Ponytail Do Whatever You Want All the Time
(We Are Free)
Last year, after a set at their scene's Whartscape Festival, Baltimore art-rock band Ponytail seemed to announce a break-up, or at least a prolonged breather. Dustin Wong put out an expansive double album of guitar instrumentals and toured solo, Jeremy Hyman became a drummer for The Boredoms, ebulliently goofy singer/screamer Mollie Siegel was off "on a journey to find herself"—just classic break-up stuff. Conversely, their label's website currently greets you with a glowering picture of a semi-shirtless Soundgarden definitively declaring: "Ponytail Has Not Broken Up." Chris Cornell looks pretty serious about it. There's also a new album, Do Whatever You Want All the Time, which doesn't really signal much about future intentions, but does prove that the project still has some creative legs.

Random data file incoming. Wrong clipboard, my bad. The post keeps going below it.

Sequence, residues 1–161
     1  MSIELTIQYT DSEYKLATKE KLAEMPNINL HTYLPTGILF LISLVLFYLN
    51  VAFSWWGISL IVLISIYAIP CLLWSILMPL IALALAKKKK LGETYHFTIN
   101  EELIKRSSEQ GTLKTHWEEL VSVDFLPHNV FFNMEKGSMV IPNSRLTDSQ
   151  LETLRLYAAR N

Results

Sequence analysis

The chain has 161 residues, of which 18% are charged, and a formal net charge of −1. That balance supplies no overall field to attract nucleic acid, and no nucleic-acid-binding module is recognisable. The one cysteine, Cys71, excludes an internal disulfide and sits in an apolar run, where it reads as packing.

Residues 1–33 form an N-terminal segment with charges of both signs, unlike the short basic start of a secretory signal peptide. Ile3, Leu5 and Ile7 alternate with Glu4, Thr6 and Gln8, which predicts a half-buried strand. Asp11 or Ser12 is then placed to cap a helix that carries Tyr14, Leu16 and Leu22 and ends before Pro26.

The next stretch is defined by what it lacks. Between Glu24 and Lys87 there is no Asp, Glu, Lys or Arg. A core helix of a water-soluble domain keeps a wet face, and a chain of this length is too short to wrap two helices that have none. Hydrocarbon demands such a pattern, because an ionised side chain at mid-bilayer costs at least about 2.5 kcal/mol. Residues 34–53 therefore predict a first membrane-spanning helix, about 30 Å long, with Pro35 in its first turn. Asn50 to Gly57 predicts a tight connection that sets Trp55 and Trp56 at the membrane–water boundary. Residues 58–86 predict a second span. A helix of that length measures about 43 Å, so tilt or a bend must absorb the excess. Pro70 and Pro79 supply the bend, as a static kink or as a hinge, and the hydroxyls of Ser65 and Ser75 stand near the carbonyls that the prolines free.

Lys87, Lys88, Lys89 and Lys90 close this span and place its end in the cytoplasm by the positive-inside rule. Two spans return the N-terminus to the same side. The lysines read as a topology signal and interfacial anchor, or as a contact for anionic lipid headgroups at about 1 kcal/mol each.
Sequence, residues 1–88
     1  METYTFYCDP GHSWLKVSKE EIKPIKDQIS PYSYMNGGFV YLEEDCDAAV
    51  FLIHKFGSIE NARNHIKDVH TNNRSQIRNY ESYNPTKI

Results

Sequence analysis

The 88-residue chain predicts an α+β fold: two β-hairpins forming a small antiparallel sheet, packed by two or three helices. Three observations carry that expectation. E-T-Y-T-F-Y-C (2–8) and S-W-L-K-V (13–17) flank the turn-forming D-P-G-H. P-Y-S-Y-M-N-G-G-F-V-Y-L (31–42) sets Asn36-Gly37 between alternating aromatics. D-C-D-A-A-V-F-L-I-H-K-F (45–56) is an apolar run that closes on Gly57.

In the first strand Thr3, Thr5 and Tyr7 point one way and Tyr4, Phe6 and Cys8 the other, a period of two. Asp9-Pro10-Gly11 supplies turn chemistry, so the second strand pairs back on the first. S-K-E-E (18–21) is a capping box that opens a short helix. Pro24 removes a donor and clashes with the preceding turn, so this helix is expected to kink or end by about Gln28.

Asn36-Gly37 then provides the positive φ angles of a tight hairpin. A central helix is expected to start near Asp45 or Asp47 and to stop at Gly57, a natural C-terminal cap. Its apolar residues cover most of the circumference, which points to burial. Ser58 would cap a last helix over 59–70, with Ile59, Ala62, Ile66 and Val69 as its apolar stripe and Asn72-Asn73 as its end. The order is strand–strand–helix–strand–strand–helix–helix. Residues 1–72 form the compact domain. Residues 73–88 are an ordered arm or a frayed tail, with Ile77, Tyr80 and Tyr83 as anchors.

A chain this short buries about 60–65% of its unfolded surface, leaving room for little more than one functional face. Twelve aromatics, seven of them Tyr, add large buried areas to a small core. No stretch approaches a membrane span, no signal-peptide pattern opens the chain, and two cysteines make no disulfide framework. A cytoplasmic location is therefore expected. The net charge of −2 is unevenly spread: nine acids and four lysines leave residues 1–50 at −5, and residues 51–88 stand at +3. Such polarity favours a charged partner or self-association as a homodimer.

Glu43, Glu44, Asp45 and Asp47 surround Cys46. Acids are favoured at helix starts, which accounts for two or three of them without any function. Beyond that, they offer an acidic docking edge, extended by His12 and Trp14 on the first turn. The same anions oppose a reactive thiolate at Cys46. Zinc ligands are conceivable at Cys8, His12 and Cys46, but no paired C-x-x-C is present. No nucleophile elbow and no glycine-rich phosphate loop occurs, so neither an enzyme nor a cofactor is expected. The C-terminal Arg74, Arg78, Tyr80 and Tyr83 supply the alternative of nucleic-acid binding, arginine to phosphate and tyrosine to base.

New twists arrive immediately. "Easy Peasy" opens with kaleidoscopic electronic sounds, perhaps backed up by an amped bubble machine. Wong once relied on knotty Deerhoof-ish blurts, but chilled-out African-inspired grooves now permeate. The energetic interplay between Wong and Hyman is still the backbone of the band, but their build-ups to the truly cathartic moments seem more confident. It's most surprising how peripheral Siegel feels to the actual songs, where on the last record her nonsense screaming was so central. Slightly more relaxed and intelligible, Siegel brings to mind the off-the-cuff allure of Life Without Buildings' singer Sue Tompkins. When subtle style tweaks can produce a modest but enjoyable lark like this, it's probably best to let Ponytail play out their album's title in real life without getting too hung up about what comes next